This section needs additional citations for verification. Please help improve this article by adding citations to reliable sources in this section. Unsourced material may be challenged and removed. (March 2022) (Learn how and when to remove this message)
Tropical and subtropical moist forests (TSMF) as shown within the Holdridge Life Zones classification scheme, and includes moist forests, wet forests, and rainforests.[improper synthesis?]

The biome includes several types of forests:

Notable ecoregions

A number of TSMF ecoregions are notable for their biodiversity and endemism:[1]

See also


  1. ^ a b c d e f g h i  This article incorporates text available under the CC BY-SA 3.0 license. World Wide Fund for Nature. "Tropical and Subtropical Moist Broadleaf Forest Ecoregions". Archived from the original on 2011-04-01. Retrieved 2019-05-29.
  2. ^ Basic Biology (2016). "Forest".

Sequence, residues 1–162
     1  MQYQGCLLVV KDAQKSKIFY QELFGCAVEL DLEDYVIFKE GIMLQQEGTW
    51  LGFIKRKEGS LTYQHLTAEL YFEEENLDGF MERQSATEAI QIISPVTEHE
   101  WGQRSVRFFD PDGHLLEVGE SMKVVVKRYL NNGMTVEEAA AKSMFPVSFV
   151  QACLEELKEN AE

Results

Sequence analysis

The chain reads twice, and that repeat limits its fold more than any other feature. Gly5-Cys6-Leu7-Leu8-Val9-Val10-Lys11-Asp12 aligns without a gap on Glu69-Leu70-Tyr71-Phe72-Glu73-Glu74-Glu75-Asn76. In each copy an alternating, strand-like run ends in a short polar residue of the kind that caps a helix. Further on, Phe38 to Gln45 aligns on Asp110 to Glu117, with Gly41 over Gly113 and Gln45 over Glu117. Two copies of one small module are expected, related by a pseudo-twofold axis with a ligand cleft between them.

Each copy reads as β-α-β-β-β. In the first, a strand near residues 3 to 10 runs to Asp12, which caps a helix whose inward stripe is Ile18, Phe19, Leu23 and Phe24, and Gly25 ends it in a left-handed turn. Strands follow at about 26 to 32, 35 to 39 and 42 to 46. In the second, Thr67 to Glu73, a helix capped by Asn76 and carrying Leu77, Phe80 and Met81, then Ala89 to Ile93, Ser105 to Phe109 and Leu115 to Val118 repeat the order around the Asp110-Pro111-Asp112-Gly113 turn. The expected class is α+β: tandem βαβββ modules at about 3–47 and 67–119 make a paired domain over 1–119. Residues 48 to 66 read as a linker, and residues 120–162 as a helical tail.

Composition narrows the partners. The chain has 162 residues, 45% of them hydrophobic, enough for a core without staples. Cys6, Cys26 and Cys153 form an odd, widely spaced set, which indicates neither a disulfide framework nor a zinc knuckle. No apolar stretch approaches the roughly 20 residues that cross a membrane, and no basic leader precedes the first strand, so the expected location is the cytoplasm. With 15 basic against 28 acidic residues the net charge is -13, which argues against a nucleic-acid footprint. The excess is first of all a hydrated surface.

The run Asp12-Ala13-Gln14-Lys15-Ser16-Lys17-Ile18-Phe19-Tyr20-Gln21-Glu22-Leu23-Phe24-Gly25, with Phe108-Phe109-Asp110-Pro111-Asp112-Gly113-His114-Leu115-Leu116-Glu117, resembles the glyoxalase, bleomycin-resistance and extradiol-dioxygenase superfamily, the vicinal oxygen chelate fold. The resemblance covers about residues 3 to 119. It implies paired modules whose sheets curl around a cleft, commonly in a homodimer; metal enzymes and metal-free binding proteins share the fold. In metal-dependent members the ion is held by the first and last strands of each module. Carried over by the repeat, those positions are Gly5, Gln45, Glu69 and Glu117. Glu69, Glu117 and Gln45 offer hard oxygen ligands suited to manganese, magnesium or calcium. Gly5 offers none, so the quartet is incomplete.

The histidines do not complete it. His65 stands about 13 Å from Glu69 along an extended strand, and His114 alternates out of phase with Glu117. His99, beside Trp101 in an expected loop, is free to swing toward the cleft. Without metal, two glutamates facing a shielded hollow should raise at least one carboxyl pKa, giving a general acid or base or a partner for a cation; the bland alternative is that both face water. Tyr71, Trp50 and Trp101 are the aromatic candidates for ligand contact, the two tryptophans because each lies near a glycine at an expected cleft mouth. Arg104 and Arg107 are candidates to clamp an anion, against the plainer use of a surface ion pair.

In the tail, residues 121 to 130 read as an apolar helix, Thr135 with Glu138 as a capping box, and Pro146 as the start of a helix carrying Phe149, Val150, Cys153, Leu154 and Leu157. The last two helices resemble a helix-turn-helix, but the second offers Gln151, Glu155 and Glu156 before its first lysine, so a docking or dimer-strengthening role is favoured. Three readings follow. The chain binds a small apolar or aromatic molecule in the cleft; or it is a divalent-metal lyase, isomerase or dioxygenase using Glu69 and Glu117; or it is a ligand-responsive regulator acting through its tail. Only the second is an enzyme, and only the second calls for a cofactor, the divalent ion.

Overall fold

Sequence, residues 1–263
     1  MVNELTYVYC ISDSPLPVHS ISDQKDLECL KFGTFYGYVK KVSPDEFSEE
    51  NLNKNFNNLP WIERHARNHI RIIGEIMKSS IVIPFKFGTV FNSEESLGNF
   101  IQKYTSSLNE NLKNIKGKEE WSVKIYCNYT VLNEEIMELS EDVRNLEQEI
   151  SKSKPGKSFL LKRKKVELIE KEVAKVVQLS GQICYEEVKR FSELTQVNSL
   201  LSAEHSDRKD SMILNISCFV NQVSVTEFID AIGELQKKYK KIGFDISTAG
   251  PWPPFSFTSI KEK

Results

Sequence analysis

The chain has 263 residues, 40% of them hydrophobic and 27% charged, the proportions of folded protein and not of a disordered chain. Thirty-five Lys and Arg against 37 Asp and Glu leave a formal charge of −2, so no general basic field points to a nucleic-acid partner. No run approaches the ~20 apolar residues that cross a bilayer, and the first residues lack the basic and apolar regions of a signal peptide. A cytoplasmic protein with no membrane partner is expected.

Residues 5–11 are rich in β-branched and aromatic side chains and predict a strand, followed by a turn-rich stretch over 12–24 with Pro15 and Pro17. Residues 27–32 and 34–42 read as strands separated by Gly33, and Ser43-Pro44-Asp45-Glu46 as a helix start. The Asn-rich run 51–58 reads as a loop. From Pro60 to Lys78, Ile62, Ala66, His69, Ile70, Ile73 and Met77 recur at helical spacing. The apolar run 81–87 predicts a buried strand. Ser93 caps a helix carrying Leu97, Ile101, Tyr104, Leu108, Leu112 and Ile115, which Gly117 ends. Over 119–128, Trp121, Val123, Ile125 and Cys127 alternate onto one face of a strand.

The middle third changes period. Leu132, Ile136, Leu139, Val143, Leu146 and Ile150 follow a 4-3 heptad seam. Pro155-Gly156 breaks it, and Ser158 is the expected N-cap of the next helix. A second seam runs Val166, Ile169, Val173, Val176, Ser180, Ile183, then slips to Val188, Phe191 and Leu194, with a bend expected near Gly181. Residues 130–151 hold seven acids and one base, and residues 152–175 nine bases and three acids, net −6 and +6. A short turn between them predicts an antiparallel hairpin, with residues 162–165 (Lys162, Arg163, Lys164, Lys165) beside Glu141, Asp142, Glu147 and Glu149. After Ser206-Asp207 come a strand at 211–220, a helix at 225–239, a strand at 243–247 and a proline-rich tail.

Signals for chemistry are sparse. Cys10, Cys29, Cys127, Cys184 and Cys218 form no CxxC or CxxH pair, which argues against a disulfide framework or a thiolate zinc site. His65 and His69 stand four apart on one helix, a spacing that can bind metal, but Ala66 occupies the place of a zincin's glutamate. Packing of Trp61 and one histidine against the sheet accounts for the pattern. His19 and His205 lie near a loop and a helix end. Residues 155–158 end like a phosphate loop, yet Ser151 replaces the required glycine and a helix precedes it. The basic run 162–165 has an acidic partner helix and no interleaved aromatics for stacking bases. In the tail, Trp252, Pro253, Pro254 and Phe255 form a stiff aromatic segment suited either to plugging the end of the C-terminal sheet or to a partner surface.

3. ^ Webb, Len (1 Oct 1959). "A Physiognomic Classification of Australian Rain Forests". Journal of Ecology. 47 (3). British Ecological Society : Journal of Ecology Vol. 47, No. 3, pp. 551-570: 551–570. Bibcode:1959JEcol..47..551W. doi:10.2307/2257290. JSTOR 2257290.
  4. ^ Tracey, J. G. (John Geoffrey) (1982), The Vegetation of the Humid Tropical Region of North Queensland, pp. 13–20
  5. ^ Tracey, J. G. (John Geoffrey) (1982), The Vegetation of the Humid Tropical Region of North Queensland, pp. 13–20
  6. ^ Beard, J.S.; Keneally, K.F. (1987), 'Rainforests of Western Australia'. In 'The rainforest legacy: Australian national rainforests study'. Special Australian heritage publication series 7(1), pp. 289–304
  7. ^ Webb, L. J. (Leonard James); Tracey, J. G. (John Geoffrey) (1982), An ecological survey of the monsoon forests of the north-western region of the Northern Territory, Australian National Parks and Wildlife Service
  8. ^ Russell-Smith, Jeremy; Dunlop, Clyde (1987), The status of monsoon vine forests in the Northern Territory: a perspective. In 'The rainforest legacy: Australian national rainforests study. Special Australian heritage publication series 7(1)
  9. ^ Stanton, J.P.; Fell, David. G. (2005). "The rainforests of Cape York Peninsula". Rainforest CRC – via National Library of Australia.
  10. ^ Tracey, J. G. (John Geoffrey) (1982), The Vegetation of the Humid Tropical Region of North Queensland, pp. 34–38